China’s exports ticked up 3.5% in April compared to a year earlier in US dollar terms, according to customs data released by Beijing on Thursday.

That was much stronger than expected: Analysts polled by Refinitiv expected a 15.7% decline. The increase also reversed March’s 6.6% drop.

Last month’s boost might have been aided by a backlog of orders that were cleared as factories reopened from coronavirus lockdown measures, according to Julian Evans-Pritchard, senior China economist for Capital Economics. Business was shut down for a significant chunk of the first quarter as the virus forced China’s economy to a near-halt.

Evans-Pritchard warned in a Thursday research note, though, that the uptick likely won’t last.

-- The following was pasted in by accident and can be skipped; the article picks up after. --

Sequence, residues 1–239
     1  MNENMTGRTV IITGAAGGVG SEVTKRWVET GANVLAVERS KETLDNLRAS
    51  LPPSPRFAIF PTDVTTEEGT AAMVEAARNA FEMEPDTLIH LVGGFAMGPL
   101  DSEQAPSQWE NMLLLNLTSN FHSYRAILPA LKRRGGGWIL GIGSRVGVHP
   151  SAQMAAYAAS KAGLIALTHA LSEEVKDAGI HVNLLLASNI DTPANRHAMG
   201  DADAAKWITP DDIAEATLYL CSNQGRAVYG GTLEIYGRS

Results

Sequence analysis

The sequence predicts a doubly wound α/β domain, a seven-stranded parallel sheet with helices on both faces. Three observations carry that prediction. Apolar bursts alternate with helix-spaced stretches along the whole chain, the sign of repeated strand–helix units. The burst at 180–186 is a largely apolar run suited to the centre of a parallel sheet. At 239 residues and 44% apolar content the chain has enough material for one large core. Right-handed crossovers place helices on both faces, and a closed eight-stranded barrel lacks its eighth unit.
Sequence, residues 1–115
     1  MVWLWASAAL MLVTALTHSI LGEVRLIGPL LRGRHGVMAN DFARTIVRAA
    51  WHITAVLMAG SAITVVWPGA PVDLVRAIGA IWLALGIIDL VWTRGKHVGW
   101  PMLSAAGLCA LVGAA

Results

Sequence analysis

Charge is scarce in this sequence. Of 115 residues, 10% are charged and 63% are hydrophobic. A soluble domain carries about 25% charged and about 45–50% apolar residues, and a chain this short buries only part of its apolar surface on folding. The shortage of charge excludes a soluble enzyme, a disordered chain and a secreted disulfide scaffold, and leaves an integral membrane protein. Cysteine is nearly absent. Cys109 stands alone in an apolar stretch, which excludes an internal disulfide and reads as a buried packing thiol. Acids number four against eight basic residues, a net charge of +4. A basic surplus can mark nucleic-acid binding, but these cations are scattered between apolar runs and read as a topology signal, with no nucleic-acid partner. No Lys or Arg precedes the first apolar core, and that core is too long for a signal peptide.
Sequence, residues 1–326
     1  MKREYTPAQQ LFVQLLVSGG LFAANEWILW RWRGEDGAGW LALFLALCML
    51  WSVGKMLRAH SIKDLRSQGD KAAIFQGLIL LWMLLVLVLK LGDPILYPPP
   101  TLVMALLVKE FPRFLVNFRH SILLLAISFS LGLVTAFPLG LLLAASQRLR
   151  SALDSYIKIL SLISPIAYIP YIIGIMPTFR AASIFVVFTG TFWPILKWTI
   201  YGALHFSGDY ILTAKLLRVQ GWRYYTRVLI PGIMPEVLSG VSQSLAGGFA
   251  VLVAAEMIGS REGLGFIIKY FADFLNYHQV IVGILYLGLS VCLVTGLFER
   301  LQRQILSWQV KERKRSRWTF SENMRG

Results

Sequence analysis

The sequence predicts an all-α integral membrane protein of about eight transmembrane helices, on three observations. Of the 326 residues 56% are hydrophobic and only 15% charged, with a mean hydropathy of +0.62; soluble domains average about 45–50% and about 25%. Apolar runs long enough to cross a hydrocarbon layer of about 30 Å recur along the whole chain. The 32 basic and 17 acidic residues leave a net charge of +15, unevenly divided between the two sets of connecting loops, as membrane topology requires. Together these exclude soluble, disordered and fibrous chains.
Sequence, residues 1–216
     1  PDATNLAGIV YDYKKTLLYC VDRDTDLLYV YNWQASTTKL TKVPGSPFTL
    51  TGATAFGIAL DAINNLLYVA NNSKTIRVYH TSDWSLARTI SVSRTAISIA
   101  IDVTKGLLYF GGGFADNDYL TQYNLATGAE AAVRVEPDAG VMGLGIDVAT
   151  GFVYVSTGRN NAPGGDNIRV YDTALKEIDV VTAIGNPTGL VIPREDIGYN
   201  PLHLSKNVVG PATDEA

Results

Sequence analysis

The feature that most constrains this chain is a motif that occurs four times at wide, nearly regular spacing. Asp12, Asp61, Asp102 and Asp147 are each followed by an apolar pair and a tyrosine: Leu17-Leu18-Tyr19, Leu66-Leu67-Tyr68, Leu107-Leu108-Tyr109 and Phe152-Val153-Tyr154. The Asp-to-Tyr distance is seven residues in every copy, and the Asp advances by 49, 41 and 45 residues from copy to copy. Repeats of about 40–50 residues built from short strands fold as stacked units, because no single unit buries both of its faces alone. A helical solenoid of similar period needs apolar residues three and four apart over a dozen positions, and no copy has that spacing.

Exporters are “unlikely to be immune from the sharp slowdown in global activity for long,” he said.

Imports for April, meanwhile, were weak as the rest of the world contended with the pandemic. Data showed Thursday that imports fell 14.2% in April, worse than the 11.2% decline that analysts surveyed by Refinitiv expected. Imports fell 0.9% in March.

The sharp deterioration in activity among China’s key trade partners will probably result in much weaker exports in May, according to Evans-Pritchard.

Meanwhile, the threat of additional US tariffs on Chinese goods shouldn’t be ignored, he said. Trade tensions are once again brewing: US President Donald Trump hinted late last week that the United States could punish China with new tariffs because of the coronavirus outbreak.